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Indiana daily times. [volume] (Indianapolis [Ind.]) 1914-1922, February 24, 1920, Home Edition, Image 10

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10
MISCELLANEOUS—WANTED.
YOU CAN MAKE MONEY fPfoi^/r^L
by selling your household \ > 3Vo VfcGC/T/'N.
goods to us, because we pay \
more. Call our buyer on
either phone. \rf4lA
BAKER BROS.
Pioneer Dealers in Used Furniture That Is Better. fi** *J
219-221-223 E. Wash. St. Old Main 3465-3466, Auto. 23-166.
LEW SHANK
pays best prices In city for household
goods and fixture* of all kinds. 187 North
New Jersey street. Main 2028.
USED GOODS STORE
Buys store and office fixtures, household
furniture and rugs. Main 2288. Auto.
288. 424 Mass, avenue.
0 NOTHING WANTED—LADIES', CHlL
dren’s, men's; furniture, rugs. Call
DELLA PUFF, Pros. 5968 or Pros. 5417.
IF YOUR CLOCK IS NOT RUNNING
phone Circle 4307. M. R. SHF.ARN,
811 North Alabama.
ANTED—CASH REGISTERS, WILL
pay cash. 23 Baldwin block. Main 5871.
Auto. 21-794.
FOR PAPER HANGER, CALL JOHN
SON. Woodruff 6716.
pATCH PLASTERING. BELMONT 1580.
~ M ISCELLANEOUS— FOR SALE.
USED RUGS ARE
BETTER
New rugs today are Inferior In quality
and cost double; good used rugs are bet
ter at the same price, doubly better at
Our price, which Is half. We have the
finest selection In Indianapolis, more than
all other dealers combined.
USED GOODS STORE
* 424 Mass. Ave.
ja t Drop-Kead Singer, $10;
other bargains. SI.OO per
il week. All makes RE
ftj itS? PAIRED. HE.VISTITCH
<I i ■ 1,.T ING while you wait. 10c
NTElilill, iii ** PER YARD.
WHITE SEWING MACHINE CO..
Main 600; Auto. 25-216. 312 Mass. Ave.
PHONOGRAPH
BARGAIN
High-class $150.00 mahogany, used two
weeks, for $75.00. 3137 Ruckle St.
OWNER LEAVING TOWN MUST SELL
furniture; also 5 gallons of wnlte Caro.
’6c per gallon; 5 dozen large-size cans of
Sebe condensed milk, 10c per can.
Woodruff 2207-3. .
USICAL INSTRUMENTS, RECORDS,
rolls, cut price. TUTTLE. 201 Indiana
a enue.
JERSEY SUIT. SHOO; NEW CORSET.
size 30; one pair shoes, size 3%. North
1808.
For sale—one pony buggy, $25.
Call at 1028 South Meridian.
SECOND-HAND FURNACE FOR” SALE.
Call Main 4078.
pet stock and poultry.
Belgian police collies, sire.
Rainbow Division Dog. owned by
Harry McLear. Richmond. Ind. Proepect
1 4035, 734 Russell Ave.
ONE PARTRIDGE ROCK COCKEREL,
one White Rock cockerel, one White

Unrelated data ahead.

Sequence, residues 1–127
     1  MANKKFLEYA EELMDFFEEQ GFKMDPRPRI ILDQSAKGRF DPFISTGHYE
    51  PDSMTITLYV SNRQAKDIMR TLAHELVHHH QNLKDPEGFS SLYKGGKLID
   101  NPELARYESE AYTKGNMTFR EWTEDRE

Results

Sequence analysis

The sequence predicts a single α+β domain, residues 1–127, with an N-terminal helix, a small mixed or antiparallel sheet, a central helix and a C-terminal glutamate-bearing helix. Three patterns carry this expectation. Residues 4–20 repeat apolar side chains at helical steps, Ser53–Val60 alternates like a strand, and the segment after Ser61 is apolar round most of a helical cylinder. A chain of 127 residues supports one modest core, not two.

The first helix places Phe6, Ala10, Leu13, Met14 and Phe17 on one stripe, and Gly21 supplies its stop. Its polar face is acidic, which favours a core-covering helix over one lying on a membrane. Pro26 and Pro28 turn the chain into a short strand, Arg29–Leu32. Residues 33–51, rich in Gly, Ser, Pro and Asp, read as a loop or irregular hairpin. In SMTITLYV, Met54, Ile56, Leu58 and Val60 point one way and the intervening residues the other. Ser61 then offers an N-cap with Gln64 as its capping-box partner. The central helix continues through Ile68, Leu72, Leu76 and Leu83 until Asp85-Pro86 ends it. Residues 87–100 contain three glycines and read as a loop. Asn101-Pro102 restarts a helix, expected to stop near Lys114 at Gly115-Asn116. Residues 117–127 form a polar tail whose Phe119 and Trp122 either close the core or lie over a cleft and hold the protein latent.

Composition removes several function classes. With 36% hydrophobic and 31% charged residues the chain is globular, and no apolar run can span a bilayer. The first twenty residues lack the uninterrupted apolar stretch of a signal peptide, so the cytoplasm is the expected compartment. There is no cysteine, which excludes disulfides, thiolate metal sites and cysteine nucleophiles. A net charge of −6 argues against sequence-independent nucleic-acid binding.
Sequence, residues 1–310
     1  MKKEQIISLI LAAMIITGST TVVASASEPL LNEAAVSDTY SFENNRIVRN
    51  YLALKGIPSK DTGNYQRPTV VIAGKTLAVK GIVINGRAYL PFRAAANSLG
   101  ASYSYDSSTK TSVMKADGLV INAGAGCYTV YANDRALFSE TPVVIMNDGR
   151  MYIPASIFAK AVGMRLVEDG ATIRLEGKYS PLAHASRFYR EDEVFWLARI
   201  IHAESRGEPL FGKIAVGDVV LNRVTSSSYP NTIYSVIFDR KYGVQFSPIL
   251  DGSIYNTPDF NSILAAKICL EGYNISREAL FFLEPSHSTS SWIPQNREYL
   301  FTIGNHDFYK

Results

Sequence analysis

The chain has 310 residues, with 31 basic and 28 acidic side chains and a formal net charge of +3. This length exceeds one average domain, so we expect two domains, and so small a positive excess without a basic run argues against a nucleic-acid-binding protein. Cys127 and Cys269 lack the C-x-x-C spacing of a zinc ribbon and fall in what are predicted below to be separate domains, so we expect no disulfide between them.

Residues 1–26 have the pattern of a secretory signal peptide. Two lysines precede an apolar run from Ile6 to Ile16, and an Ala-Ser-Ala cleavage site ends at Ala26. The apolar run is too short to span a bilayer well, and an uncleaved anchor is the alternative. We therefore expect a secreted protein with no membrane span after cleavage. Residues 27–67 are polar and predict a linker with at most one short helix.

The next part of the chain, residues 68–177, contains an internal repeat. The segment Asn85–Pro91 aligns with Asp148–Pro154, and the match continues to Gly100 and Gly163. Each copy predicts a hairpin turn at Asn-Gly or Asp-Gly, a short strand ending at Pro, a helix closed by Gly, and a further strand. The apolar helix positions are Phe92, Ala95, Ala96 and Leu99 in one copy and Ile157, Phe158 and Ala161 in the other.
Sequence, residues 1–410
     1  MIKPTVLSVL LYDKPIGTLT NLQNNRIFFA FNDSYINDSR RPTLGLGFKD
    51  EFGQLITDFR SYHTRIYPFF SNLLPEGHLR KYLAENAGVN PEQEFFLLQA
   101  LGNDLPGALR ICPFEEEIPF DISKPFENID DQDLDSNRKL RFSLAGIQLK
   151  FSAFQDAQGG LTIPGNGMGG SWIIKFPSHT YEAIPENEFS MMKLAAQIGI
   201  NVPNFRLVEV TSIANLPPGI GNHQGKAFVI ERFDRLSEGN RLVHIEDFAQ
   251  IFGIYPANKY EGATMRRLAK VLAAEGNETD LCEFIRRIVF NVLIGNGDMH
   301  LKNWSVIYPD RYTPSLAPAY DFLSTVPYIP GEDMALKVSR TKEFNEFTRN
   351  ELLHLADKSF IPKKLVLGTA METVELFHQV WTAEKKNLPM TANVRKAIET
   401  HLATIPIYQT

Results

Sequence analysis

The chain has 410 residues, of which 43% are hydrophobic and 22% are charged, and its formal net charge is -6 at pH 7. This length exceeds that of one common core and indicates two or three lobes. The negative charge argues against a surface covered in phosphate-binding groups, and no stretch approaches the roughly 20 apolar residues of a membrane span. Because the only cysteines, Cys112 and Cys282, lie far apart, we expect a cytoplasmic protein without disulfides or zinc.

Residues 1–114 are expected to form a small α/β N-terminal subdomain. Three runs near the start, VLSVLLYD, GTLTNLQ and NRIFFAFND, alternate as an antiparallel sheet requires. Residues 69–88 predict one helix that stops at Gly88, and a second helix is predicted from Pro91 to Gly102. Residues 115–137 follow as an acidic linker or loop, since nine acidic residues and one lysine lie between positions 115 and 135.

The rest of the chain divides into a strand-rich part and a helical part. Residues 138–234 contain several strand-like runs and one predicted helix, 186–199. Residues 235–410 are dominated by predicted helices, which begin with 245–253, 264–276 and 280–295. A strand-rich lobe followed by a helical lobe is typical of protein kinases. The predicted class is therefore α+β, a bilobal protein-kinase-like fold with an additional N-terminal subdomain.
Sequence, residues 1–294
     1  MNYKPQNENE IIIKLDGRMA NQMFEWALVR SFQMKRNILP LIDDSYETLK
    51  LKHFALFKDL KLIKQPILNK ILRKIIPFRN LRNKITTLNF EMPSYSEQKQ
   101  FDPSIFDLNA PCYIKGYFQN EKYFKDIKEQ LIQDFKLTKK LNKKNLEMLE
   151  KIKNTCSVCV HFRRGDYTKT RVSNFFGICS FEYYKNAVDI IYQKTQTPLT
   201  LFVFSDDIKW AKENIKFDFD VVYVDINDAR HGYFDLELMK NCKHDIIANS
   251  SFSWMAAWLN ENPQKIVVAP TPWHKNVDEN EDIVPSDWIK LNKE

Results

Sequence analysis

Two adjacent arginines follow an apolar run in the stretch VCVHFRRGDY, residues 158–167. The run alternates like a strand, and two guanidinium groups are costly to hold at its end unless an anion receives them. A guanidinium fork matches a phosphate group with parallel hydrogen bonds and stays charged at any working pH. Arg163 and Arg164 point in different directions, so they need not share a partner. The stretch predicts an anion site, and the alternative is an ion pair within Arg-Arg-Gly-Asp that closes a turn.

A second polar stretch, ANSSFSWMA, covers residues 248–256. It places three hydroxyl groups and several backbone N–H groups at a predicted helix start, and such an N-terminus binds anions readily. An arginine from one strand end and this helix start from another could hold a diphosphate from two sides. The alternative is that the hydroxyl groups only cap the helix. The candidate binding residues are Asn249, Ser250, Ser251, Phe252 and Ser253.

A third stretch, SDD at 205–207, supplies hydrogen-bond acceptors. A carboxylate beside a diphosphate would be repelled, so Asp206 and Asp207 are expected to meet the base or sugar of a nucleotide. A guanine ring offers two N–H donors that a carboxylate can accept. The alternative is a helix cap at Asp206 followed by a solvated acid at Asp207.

Wyandotte cockerel. Call North 7567.
Ancona cockerels, pure breed
Sheppards’ strain. Woodruff 7118.
Fine rabbits foTTsai.e. call bei.-
mont 2993.
HORSES AND VEHICLES.
PUBLIC SALE
1 will sell at public auction. 374 South
Illinois street. Indianapolis. Ind.. Friday.
Feb. 27, 10 a. m.. 50 HEAD GOOD MARES,
MULES AND HORSES, all team and farm
•*floc' r riout of work, weigh 1.200 to
1,500, good colors and ages; 20 DUMP
AND FARM WAGONS, wheel scrapers. 20
sats of heavy double work harness and
other articles too numerous to mention;
nine months’ time with approved security,
drawing 6 per cent Interest from date; 2
per cent discount for cash. LEW SHANK.
G. R. BROWN, Auctioneers; W. F.
BMITHA. Owner,
BIG BARGAIN SALE
2 delivery wagons
2 mowing machines
J hay rake
1 line sower
Thes%3 items will be sold on or before
Feb. 28. Apply at once.
FRED ULLRICH
620 South Capitol Ave.
JOSEPH HAAS
pays highest price* for dead horses, cow*
and hogs. Call Main 1039. Auto. 25-778.
FINANCIAL.
(r 1 ' --- ft
WE LOAN YOU
SIOO.OO
3 Mo., Total Cost $6.97
V Get what money you need on your
v furniture, pianos, live stock or auto
mobile.
All other amounts up to S3OO at
the same proportionate rate.
All Dealings Strictly
Confidential
CALL AND GET ACQUAINTED
WITH OUR PLANS.
A telephone call will bring our
. representative to your home to ex
plain more fully.
American Loan Cos.
205 Peoples Bank Bldg
(Formerly Law building.)
Main 2983. Auto. 27-432.
V-
Will Money
Help You
If you are keeping house and need
money, we can advance you what you want
c n furniture, piano, auto, fixtures, etc.
See us about terms on
SSO, SIOO, S2OO or S3OO
You can repay it In payments and use
twenty months If necessary. Call, write or
phone.
State Loam Cos.
305 ODD FELLOW BLDG.
Corner Penn, and Wash. sts.
Phones: Main 4619. New, 24-629,
Under State Supervision,
MONEY TO LOAN
On First Mortgage
Security
’ SIX PER CENT
GILL REALTY CO.
Main 1646, Auto. 28-236
E ARE PREPARED TO MAKE REAL
ESTATE LOANS PROMPTLY. WE
PURCHASE REALTY CONTRACTS, I
MORTGAGES, BONDS AND STOCKS
LISTED AND UNLISTED.
INDIANAPOLIS SECURITIES CO.
FRANK K. SAWYER, Pres.
306-309 LAW BLDG. ASSETS $545.743.
Money to loan on second mort
gages on Indianapolis and Indiana real
estate. GIBRALTAR FINANCE COM
PANY. 208 Fidelity Trust building. Main
2808.
E HAKE SECOND - MORTGAGES - ON
farm or city property. AETNA MTG.
AND INV. CO. Main 7101. 608 Fidelity
Trust building.
I* KSCRANCe Tn ALU ITS BRANCHES.
AUBREY D. PORTER. 916 Law bldg.